Home Secretary focuses on immigration and asylum. “We will be humane to those who need help; tough on those who abuse it".
Generally, Home Secretary’s have a short political life span but as Theresa May took to the stage at Manchester you could tell she remains a commanding figure after five years in post. Mrs May was also there to be serious, gone were the leopard print shoes, and she stood at the podium in a black dress that screamed ‘I’m here to get the job done.’ Overall, an impressive lady.
Mrs May’s first comments were to pay tribute to murdered officer PC Phillips saying that his death was a reminder of the dangers the police face day in, day out. But the rest of the time at the podium was focused on asylum and immigration, issues that have seen exasperated Conservatives migrate to UKIP shores.
In an at times repetitive speech with many sobering statistics, Mrs May pledged to reduce the numbers claiming in Britain while taking in the "most vulnerable" refugees from conflict zones around the world. Using stark language she was keen to make the distinction between economic migrants and those fleeing for their lives.
The latter centered on refugees caused by “war crimes on an industrial scale” in Syria. Mrs May also said we must take action against ISIL in Syria who were carrying out “ethnic cleansing.” Britain should be proud of the aid it was giving to the area and the commitment to resettle 20,000 from refugee camps.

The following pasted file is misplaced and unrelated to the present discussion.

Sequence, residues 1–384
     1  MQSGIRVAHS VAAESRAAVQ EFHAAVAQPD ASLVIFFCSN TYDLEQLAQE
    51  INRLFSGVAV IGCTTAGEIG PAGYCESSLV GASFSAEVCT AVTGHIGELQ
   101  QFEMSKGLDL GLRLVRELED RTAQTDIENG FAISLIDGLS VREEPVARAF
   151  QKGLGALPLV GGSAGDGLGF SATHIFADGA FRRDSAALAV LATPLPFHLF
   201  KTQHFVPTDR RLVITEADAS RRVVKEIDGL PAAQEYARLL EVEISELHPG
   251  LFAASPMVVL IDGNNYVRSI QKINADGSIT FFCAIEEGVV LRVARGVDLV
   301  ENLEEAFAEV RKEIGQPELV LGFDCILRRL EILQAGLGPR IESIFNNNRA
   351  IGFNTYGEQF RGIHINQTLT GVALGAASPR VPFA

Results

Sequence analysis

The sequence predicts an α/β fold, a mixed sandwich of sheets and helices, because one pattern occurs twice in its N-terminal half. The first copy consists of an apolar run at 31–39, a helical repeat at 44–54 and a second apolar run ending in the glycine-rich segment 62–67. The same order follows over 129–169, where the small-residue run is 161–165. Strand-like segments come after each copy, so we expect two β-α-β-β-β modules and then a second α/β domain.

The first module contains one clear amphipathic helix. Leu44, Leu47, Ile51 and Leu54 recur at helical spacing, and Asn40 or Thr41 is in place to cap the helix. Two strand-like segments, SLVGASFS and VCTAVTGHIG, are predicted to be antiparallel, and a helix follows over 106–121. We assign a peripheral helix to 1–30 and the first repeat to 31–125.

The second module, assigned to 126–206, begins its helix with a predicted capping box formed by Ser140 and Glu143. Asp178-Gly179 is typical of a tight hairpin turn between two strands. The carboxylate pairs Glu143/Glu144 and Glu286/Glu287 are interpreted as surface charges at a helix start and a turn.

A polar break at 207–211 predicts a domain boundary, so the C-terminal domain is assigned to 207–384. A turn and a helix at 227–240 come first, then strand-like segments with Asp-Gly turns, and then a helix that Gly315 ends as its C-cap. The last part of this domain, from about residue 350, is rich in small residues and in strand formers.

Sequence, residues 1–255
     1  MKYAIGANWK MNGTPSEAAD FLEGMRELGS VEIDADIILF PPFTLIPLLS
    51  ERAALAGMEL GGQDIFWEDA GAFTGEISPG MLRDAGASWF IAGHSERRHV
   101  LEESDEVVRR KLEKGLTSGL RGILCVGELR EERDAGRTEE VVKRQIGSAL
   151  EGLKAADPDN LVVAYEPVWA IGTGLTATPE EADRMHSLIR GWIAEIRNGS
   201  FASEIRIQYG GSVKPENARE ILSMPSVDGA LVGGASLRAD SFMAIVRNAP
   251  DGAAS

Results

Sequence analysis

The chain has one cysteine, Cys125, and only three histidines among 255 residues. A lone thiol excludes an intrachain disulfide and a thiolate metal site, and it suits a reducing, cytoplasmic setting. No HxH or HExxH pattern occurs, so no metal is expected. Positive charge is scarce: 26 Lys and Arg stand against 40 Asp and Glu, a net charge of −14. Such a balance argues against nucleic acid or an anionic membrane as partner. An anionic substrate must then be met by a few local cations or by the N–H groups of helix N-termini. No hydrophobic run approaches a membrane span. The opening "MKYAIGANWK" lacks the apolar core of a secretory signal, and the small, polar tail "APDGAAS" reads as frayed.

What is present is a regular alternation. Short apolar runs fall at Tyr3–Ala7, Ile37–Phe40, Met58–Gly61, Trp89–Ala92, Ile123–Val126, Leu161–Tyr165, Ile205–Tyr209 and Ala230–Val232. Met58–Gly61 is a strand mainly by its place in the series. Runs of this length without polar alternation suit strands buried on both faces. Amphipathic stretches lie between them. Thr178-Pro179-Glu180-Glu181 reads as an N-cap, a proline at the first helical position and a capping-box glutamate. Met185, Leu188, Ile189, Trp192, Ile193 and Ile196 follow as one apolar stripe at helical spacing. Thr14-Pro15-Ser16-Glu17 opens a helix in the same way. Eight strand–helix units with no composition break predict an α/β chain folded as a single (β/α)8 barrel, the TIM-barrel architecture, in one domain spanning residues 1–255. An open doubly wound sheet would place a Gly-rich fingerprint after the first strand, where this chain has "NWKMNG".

Turning to immigration overall, using language criticized after her speech in some quarters, Mrs May said there was no case in the national interest for immigration to the levels seen over the last decade. She added that migration at such a high level made a cohesive society impossible. Britain she said did not need hundreds of thousands of immigrants every year and that British tradition was for society to see gradual, moderate and sensible change.
Singling out student visas, Mrs May made it clear that too many on completion of their studies were remaining in the UK without employment. Again she bluntly said “Students Yes: Over-stayers No.”
The Home Secretary then described the asylum system as one that had been “abused for years.” Announcing a new asylum strategy, the first ever in the UK, she had a message for human rights lawyers, who must have caused many frustrations over the past few years. “Don’t frustrate the process,” she said because it delays getting help to those who really need it.
The solutions seemed to be from a British and not European source. Conjuring up Thatcher-like resolve Mrs May stated that ‘Not in a thousand years would she sign up to an EU asylum policy” and that progress could only be found by states protecting their own nation’s borders.
The Home Secretary also backed the Prime Minister’s position to target the benefit system and address the attractiveness of the UK to economic migrants. Local Councils, she added, through the aid budget, will get the help they need to cope with arriving refugees and there will be a register set up to document those individuals, businesses and organizations that wish to help.
The speech won the approval of UKIP leader Nigel Farage, who tweeted: "Nice to see Theresa May repeating so much of what I have said about uncontrolled migration. Let's hope she means it."